The repayment term also affects how much a loan will cost you. With a longer term, the repayments will likely be lower but the total cost of borrowing could be higher because you’ll be paying interest for longer.

Take the example of a £5,000 loan with an APR (annual percentage rate) of 3.4%. If the loan was taken out over two years, monthly repayments would be £215.79 and the total amount repayable £5,179.

However, if the borrower took it out over five years instead, the monthly repayments would drop to £90.73, but the total amount repayable would rise to £5,444.10. This means that the fees and interest add up to £179 on a two-year loan, but £444.10 on a five-year deal.

You may be able to reduce the amount of interest you pay overall if you repay your loan early, although you could have to pay early repayment charges.

It’s important to note that lenders will advertise loans with a ‘representative APR’ but the lender only needs to offer this rate to 51% of borrowers. The exact rate you get may depend on a wide range of factors such as your individual financial circumstances or credit score and the better your credit record, the higher your chance of getting the advertised rate.

» MORE: Calculate how much a personal loan will cost

How do I get an unsecured loan?

When you apply for an unsecured loan, the lender will need some basic information about you and your finances – such as your name, address, age, employment status, salary and living costs, essentially to check that you are who you say you are, that you live in the UK and that you will meet its lending criteria.

Lenders will then run a ‘hard’ credit check via a credit reference agency to find out whether you have successfully managed to repay credit in the past or whether you have previously missed or been late with payments.

If a lender sees that you have recently applied and been rejected for a loan, it may be less likely to accept your application because it could suggest that you are in financial difficulty.

Before you formally apply for a loan, it’s worth checking your eligibility for a loan to see how likely you are to be approved. This won’t affect your credit score. Many lenders allow you to see if you qualify for a loan, and you can also check your eligibility on our site.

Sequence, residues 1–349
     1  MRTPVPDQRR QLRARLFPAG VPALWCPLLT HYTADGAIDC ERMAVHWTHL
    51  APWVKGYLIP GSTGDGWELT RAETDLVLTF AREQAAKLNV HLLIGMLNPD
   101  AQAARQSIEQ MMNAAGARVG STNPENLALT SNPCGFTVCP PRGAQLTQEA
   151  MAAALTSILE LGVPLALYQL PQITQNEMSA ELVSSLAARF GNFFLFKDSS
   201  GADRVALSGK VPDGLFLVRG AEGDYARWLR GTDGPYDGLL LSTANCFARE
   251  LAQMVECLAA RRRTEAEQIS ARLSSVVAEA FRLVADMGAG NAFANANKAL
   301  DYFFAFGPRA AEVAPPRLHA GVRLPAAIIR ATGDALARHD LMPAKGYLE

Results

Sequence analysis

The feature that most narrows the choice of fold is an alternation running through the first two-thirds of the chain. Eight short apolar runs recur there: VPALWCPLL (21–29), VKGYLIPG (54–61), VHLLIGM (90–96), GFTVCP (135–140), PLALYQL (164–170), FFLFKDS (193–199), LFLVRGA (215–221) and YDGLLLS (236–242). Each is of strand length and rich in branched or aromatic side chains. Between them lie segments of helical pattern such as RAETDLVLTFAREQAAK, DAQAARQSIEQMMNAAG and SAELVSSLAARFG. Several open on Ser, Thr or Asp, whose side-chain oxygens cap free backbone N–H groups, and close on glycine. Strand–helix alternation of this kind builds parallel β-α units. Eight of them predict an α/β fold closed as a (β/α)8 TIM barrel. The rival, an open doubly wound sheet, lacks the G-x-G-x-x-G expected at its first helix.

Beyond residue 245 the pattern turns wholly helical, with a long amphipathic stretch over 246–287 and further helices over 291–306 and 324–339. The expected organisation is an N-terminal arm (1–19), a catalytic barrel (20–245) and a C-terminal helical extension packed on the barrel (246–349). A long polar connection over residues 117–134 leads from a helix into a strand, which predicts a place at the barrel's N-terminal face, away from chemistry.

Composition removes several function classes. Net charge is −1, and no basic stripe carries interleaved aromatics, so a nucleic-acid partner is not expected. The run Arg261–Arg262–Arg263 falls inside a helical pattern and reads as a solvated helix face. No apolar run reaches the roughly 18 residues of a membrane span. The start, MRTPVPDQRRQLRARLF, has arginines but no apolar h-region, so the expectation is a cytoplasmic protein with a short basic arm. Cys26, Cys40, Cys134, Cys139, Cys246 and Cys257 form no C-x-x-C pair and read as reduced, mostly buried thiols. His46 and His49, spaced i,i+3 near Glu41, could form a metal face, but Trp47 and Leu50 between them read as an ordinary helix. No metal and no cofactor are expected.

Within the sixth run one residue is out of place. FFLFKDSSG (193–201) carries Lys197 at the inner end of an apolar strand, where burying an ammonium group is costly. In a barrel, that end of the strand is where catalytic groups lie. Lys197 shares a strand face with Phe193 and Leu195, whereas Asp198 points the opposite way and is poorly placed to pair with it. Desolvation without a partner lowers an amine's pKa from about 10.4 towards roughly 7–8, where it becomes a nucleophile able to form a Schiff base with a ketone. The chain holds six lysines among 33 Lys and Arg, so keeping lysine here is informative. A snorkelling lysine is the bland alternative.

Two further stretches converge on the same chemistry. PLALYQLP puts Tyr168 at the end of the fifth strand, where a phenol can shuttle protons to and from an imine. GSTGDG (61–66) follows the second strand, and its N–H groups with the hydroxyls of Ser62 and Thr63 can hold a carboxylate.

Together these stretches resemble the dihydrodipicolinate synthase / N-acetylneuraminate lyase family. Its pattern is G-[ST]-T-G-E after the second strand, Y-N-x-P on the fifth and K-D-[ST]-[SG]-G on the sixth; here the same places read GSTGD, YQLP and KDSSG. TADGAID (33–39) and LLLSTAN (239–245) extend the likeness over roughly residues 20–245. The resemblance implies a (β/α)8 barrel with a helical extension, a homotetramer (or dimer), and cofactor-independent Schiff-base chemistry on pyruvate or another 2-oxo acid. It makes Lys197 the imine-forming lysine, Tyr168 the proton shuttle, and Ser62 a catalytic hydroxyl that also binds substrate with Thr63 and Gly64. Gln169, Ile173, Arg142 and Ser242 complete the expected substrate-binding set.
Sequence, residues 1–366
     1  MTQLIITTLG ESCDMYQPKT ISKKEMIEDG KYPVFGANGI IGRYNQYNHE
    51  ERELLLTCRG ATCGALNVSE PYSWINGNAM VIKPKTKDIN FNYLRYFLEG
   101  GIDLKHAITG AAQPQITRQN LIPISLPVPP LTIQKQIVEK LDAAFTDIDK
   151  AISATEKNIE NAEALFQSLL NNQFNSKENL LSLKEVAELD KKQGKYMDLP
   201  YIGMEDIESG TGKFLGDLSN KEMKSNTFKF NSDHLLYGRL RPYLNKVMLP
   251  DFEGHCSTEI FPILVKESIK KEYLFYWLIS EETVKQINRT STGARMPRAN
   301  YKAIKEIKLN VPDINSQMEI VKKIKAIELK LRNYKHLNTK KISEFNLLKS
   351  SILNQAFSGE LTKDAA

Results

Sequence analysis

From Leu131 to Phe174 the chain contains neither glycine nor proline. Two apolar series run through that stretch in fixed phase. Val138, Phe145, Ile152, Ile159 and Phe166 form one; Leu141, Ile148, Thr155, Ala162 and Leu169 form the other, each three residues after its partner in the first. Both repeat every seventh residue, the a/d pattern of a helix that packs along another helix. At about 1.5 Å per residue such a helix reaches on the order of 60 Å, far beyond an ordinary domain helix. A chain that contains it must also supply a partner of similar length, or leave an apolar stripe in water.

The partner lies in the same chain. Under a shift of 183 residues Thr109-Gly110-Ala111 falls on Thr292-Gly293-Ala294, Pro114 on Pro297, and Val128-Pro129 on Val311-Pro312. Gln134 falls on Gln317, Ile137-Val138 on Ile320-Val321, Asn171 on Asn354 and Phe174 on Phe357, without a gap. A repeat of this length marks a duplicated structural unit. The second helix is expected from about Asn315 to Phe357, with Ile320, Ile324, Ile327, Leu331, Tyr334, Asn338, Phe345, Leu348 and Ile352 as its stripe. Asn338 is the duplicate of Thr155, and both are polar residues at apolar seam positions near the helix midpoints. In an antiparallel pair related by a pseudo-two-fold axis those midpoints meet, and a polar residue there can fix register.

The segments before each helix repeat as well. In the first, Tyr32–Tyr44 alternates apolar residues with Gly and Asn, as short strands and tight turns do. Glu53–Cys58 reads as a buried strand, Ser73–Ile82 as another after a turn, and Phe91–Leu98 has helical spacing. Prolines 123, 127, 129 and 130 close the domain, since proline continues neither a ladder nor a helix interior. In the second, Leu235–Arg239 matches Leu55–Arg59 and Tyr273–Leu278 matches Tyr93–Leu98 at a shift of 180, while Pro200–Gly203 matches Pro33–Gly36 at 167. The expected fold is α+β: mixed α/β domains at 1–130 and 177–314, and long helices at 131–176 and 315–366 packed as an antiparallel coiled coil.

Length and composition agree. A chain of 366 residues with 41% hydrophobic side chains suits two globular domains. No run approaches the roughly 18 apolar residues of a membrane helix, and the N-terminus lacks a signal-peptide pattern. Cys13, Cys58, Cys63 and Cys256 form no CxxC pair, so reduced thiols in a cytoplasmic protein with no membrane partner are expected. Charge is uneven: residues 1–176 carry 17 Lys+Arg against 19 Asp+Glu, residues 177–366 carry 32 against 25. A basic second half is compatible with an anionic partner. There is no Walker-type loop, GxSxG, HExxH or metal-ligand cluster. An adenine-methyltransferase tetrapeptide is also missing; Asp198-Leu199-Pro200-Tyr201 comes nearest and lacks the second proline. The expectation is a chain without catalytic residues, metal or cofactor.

» COMPARE: Compare unsecured loans

Pros and cons of unsecured loans

Pros:

  • Your repayments will usually be fixed each month, making budgeting easier.
  • You can typically borrow more than you would be able to with a credit card.
  • Interest rates are often lower than rates on most credit cards.

Cons:

  • If you want to overpay or repay your loan early, you may have to pay a charge.
  • The minimum term is usually a year even if you are able to pay it off faster.
  • As the minimum loan size is generally £1,000, you may end up borrowing more than you need.

Alternatives to unsecured loans

The right deal for you will depend on your circumstances and, in some cases, there may be better alternatives.

You should consider the differences between an unsecured loan and a secured loan to see which option is the right form of borrowing for your situation. A secured loan could allow you to borrow a larger sum and offer lower interest rates, but your property could be at risk if you default on the loan.

» MORE: Secured vs unsecured loans

You may also consider borrowing from friends or family. If you choose this option, make sure you agree on how the money will be repaid, and put this in writing to try to avoid any potential disputes.

You could also consider whether a loan is right for you at all. In some cases, it can be cheaper and simpler to use a credit card or overdraft for your spending, particularly if the sums you need are minimal or you have 0% offers available. However, as always, care should be taken if you go down this route as interest rates could be high and the debt on a credit card can quickly spiral out of control.

» MORE: Loan, credit card or overdraft?

Image source: Getty Images

About the authors:

Joel Kempson is a personal finance expert and writer at NerdWallet. He has previously written for Money.co.uk and Uswitch, as well as being quoted in the Daily Express, The Mirror and The Sun. Read more

Rhiannon is a financial writer for NerdWallet, with a particular interest in personal finance and insurance guides for consumers. Read more